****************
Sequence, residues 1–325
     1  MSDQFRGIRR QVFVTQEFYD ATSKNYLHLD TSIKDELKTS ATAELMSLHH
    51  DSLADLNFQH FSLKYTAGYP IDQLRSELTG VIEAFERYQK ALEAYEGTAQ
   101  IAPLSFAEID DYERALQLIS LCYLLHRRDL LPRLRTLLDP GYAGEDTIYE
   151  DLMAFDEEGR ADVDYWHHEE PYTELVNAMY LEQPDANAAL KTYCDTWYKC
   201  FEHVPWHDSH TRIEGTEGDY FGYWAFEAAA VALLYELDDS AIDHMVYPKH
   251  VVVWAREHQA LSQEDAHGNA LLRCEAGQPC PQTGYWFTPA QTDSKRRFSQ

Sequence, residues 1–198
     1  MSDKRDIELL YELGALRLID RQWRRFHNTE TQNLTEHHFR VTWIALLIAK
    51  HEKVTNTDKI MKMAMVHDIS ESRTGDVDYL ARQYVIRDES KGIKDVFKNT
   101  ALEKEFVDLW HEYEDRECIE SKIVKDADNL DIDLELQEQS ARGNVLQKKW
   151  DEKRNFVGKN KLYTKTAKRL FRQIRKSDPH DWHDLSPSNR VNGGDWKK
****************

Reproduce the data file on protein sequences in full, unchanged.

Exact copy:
Sequence, residues 1–325
     1  MSDQFRGIRR QVFVTQEFYD ATSKNYLHLD TSIKDELKTS ATAELMSLHH
    51  DSLADLNFQH FSLKYTAGYP IDQLRSELTG VIEAFERYQK ALEAYEGTAQ
   101  IAPLSFAEID DYERALQLIS LCYLLHRRDL LPRLRTLLDP GYAGEDTIYE
   151  DLMAFDEEGR ADVDYWHHEE PYTELVNAMY LEQPDANAAL KTYCDTWYKC
   201  FEHVPWHDSH TRIEGTEGDY FGYWAFEAAA VALLYELDDS AIDHMVYPKH
   251  VVVWAREHQA LSQEDAHGNA LLRCEAGQPC PQTGYWFTPA QTDSKRRFSQ

Sequence, residues 1–198
     1  MSDKRDIELL YELGALRLID RQWRRFHNTE TQNLTEHHFR VTWIALLIAK
    51  HEKVTNTDKI MKMAMVHDIS ESRTGDVDYL ARQYVIRDES KGIKDVFKNT
   101  ALEKEFVDLW HEYEDRECIE SKIVKDADNL DIDLELQEQS ARGNVLQKKW
   151  DEKRNFVGKN KLYTKTAKRL FRQIRKSDPH DWHDLSPSNR VNGGDWKK